Today, we honor and remember Dr. Hector P. Garcia, a true American hero who fiercely advocated for the rights of all Americans, but especially for the most vulnerable and under-served in our communities.
Upon earning his medical degree and serving his country with distinction in World War II, Dr. Garcia opened a medical practice in Corpus Christi. It was there that Dr. Garcia saw firsthand the difficulties that veterans and migrant farm workers faced.
Inspired by his experiences, Dr. Garcia founded the American GI Forum, which fought for many causes, including medical benefits, civil rights and voting rights. However, better education opportunities may have been Dr. Garcia’s most important passion.
Dr. Garcia was a strong proponent of education and is most often quoted for his personal motto: “Education is our freedom, and freedom should be everybody’s business.”
In an interview conducted by David G. McComb in 1969, Dr. Garcia stated, “I don’t think the educational system has come up to par, no, and I’m not talking merely as a Mexican-American. I’m talking as a Texan. I think we are derelict, delinquent and we are deficient in education.”
He also stated, “I don’t think we pay our teachers right or properly. I don’t think we teach students right.”
Education is the best equalizer, and following Dr. Garcia’s example, many of us spent years fighting to give our school children the best resources to succeed and to ensure our state’s future. This session, we finally transformed public education with the passage of House Bill 3 and the investment of an additional $11.5 billion.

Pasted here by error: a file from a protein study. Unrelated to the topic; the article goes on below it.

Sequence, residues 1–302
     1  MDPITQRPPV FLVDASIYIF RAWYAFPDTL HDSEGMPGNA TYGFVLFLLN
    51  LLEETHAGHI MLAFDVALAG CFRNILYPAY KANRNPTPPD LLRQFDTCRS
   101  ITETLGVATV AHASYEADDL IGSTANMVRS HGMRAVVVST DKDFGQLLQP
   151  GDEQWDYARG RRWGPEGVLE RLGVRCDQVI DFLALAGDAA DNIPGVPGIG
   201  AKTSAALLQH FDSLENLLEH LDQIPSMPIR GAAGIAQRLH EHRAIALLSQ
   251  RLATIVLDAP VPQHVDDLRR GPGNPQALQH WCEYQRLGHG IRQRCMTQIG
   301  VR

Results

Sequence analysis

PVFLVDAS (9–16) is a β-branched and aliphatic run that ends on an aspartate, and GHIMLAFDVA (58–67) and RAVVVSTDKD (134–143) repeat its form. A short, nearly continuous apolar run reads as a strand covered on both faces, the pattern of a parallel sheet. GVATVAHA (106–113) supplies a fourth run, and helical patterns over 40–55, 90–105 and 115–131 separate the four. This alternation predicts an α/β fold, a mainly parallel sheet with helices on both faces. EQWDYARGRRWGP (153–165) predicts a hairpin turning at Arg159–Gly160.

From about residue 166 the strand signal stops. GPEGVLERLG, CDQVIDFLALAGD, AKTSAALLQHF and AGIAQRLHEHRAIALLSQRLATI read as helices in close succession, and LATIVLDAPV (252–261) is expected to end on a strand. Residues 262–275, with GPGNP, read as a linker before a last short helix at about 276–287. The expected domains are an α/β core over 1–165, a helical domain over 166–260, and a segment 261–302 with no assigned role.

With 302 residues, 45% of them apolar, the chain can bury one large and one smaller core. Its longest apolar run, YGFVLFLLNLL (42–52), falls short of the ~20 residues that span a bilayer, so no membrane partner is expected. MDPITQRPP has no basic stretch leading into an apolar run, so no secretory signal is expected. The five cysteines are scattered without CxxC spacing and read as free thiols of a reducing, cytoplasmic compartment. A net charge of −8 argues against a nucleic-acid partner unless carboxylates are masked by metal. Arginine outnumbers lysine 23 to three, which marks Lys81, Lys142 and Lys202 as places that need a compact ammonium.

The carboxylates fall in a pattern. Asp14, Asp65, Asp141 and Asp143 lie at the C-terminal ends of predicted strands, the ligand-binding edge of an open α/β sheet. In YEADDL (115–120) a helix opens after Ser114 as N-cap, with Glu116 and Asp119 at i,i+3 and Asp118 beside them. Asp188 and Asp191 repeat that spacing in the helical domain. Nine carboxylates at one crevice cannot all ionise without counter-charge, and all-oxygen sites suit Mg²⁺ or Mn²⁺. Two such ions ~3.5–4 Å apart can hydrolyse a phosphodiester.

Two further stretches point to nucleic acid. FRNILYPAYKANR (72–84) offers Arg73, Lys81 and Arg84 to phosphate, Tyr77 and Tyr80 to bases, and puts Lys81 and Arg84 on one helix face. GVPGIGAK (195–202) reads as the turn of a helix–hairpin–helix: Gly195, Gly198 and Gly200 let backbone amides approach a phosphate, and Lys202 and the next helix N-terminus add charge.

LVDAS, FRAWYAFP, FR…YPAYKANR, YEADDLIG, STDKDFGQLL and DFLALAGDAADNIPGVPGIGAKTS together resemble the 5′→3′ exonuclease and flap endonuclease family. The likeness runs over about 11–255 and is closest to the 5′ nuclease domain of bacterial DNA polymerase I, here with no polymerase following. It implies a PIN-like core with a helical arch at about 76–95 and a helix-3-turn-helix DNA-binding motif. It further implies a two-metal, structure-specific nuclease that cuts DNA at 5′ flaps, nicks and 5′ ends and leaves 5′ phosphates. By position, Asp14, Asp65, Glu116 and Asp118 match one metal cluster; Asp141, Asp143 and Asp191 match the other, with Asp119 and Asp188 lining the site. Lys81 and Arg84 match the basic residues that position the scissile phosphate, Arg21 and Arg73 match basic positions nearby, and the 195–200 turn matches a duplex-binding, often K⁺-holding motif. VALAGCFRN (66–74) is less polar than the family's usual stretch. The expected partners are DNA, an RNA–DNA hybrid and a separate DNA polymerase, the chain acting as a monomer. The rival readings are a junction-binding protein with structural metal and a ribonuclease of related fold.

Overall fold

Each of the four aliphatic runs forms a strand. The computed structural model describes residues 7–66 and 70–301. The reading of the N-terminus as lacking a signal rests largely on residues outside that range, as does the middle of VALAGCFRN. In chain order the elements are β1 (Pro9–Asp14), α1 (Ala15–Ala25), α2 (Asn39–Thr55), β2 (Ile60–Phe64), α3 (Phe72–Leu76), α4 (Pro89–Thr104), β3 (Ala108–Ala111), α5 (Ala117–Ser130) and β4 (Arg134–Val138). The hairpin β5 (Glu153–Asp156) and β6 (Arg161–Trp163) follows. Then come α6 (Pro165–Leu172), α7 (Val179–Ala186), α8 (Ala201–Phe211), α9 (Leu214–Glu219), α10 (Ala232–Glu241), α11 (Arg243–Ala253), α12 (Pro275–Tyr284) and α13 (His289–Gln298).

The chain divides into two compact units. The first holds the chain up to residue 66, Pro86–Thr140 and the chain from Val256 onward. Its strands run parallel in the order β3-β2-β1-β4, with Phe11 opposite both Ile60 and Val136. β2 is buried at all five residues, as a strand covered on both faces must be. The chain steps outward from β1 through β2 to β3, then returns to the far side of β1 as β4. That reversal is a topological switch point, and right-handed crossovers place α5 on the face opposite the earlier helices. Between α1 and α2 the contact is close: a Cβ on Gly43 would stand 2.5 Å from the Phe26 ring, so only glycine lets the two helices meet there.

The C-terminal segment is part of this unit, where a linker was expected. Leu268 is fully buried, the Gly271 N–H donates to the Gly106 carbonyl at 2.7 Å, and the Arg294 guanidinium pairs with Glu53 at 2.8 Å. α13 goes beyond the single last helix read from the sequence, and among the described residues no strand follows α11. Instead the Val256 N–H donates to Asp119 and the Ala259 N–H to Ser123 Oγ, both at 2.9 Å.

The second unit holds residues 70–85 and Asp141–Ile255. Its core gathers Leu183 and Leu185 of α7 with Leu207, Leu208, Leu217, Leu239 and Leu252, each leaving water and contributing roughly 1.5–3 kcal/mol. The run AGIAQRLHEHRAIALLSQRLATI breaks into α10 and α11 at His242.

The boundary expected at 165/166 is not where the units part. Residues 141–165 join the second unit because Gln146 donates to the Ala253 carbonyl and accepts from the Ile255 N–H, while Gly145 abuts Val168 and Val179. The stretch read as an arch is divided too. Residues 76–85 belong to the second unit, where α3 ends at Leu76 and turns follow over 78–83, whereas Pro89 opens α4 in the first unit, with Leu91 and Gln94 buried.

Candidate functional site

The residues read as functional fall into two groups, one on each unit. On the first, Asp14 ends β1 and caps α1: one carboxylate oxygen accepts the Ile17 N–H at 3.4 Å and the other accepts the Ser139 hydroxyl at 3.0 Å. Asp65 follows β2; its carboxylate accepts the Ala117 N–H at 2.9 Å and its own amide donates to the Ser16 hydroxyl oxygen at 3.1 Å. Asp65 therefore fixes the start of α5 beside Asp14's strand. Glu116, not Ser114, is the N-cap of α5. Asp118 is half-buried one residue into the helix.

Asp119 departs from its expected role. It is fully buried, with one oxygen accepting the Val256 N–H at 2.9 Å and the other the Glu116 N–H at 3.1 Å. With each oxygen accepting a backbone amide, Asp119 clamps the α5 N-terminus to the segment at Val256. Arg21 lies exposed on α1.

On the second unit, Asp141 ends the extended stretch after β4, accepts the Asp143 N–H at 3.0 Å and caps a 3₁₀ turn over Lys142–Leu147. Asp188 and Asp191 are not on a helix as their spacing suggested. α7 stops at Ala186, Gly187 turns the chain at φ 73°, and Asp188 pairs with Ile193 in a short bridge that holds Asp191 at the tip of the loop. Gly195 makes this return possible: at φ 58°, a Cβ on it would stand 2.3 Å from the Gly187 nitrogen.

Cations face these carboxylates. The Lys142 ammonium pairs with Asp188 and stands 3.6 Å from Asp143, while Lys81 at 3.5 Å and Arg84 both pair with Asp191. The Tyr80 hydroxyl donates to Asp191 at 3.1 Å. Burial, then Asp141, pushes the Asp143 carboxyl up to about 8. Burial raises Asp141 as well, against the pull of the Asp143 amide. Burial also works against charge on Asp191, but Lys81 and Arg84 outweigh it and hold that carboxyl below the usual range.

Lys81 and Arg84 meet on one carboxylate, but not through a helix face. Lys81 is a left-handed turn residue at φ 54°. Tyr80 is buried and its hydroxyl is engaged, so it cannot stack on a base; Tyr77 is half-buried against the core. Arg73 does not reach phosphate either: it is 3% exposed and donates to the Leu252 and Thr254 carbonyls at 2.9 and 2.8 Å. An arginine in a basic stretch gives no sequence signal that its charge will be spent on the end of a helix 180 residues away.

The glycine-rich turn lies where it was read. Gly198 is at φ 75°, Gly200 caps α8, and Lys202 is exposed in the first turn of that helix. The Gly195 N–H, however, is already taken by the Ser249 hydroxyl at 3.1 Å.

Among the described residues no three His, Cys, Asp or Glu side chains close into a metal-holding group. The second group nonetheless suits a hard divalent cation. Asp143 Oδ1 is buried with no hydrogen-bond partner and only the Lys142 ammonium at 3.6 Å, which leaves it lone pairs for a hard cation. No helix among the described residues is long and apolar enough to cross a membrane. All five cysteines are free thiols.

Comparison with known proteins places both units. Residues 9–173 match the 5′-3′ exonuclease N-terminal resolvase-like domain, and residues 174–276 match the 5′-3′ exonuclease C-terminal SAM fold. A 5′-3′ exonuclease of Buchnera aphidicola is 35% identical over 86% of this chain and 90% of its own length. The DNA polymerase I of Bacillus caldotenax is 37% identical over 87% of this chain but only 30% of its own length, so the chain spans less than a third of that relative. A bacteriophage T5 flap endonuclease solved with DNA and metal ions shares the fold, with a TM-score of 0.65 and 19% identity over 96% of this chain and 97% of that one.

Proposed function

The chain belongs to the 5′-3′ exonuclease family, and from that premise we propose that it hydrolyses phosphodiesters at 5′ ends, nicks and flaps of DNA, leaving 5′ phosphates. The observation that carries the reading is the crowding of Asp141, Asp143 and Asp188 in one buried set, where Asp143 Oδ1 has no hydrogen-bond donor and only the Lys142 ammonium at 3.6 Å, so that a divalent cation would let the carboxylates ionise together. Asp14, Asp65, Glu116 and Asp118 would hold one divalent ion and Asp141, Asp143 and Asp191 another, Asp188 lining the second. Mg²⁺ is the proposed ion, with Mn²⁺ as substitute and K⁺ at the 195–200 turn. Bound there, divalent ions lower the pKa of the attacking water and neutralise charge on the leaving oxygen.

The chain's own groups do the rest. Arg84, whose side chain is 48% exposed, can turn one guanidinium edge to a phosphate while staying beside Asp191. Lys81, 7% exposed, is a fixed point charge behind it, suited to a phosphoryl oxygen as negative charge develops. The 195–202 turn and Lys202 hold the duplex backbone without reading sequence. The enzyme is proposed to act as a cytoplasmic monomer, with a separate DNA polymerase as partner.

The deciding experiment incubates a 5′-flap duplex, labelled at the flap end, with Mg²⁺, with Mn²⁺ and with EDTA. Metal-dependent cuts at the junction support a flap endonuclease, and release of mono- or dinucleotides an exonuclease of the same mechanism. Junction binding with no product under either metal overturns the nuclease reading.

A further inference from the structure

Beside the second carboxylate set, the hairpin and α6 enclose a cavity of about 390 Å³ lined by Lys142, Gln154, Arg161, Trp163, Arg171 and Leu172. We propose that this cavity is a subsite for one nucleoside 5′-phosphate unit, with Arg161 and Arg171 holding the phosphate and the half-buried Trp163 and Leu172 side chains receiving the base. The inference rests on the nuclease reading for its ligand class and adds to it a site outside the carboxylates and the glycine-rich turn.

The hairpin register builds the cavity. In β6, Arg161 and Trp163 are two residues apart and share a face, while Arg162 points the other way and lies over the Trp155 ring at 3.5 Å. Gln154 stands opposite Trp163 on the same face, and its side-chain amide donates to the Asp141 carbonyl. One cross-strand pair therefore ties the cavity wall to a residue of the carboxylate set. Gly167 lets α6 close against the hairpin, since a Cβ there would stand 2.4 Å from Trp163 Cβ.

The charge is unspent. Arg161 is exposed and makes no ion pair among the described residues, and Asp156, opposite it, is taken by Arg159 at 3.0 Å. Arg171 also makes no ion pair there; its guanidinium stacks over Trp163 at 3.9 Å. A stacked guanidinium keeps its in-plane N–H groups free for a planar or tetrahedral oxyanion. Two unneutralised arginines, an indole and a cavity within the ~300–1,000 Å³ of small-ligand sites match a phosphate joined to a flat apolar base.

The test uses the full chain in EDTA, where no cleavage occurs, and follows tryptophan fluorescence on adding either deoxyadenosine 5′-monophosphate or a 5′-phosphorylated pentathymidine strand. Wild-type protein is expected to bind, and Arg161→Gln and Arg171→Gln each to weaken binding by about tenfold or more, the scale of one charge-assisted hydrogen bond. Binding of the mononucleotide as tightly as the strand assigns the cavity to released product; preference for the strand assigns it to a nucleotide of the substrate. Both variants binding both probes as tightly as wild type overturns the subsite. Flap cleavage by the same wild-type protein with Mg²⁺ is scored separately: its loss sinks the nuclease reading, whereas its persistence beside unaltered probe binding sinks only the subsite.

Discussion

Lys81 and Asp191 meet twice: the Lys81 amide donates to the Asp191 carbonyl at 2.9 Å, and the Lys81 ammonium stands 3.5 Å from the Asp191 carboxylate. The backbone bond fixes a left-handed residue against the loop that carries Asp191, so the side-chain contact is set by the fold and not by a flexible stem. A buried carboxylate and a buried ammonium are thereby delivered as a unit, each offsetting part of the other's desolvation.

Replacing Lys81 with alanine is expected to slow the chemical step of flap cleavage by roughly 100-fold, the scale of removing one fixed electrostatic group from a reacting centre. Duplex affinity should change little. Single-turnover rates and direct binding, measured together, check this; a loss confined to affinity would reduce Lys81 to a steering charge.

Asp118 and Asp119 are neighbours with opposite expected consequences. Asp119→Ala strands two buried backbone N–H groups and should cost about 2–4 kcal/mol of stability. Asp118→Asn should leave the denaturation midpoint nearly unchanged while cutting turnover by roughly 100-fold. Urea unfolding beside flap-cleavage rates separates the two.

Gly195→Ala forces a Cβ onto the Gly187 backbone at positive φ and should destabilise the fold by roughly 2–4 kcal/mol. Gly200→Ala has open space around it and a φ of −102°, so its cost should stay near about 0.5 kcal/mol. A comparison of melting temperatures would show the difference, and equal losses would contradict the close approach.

These new funds will reduce school property taxes by $5 billion, increase teacher pay by $2 billion, increase the state’s share of funding from 38% to 45%, and fund full-day pre-k for eligible students. Together, these reforms will make the school finance system more equitable and reduce the burden on local property taxes that have priced some families out of their homes.
I hope Dr. Garcia would be proud of what we did for Texans, for our students and our teachers. He certainly would point out that it took too long, and probably would say, “More can be done!” I agree, but am encouraged by the progress we made this session.
It was an honor to author Senate Bill 495, the legislation that brings us all together on the third Wednesday of September of every year to appreciate a fearless physician and World War II veteran who fought for the rights of Hispanics and veterans who were denied educational, medical and housing opportunities. On this day, we remember a physician who provided access to medical care to a traditionally underserved community, a soldier who demonstrated valor and sacrifice in protecting our liberties, and a community leader who never stopped fighting for the rights of all Texans.
We also recognize that Dr. Garcia’s contributions earned him the Presidential Medal of Freedom and military decorations for protecting our way of life. Further, we acknowledge that Dr. Garcia served his country as an adviser to Presidents John F. Kennedy, Lyndon B. Johnson and Jimmy Carter and as the first Hispanic on the U.S. Commission on Civil Rights.
Today, tomorrow and forever, our Texas youth will learn about a man who dedicated his life to public service and who broke down the barriers that existed at the time.
Our future generations will know that Dr. Garcia was able to advance the interests of Hispanics and made a significant difference in the freedoms we now enjoy. We will never forget Dr. Garcia’s selflessness and public service and his legacy and memory serve as lessons to us all.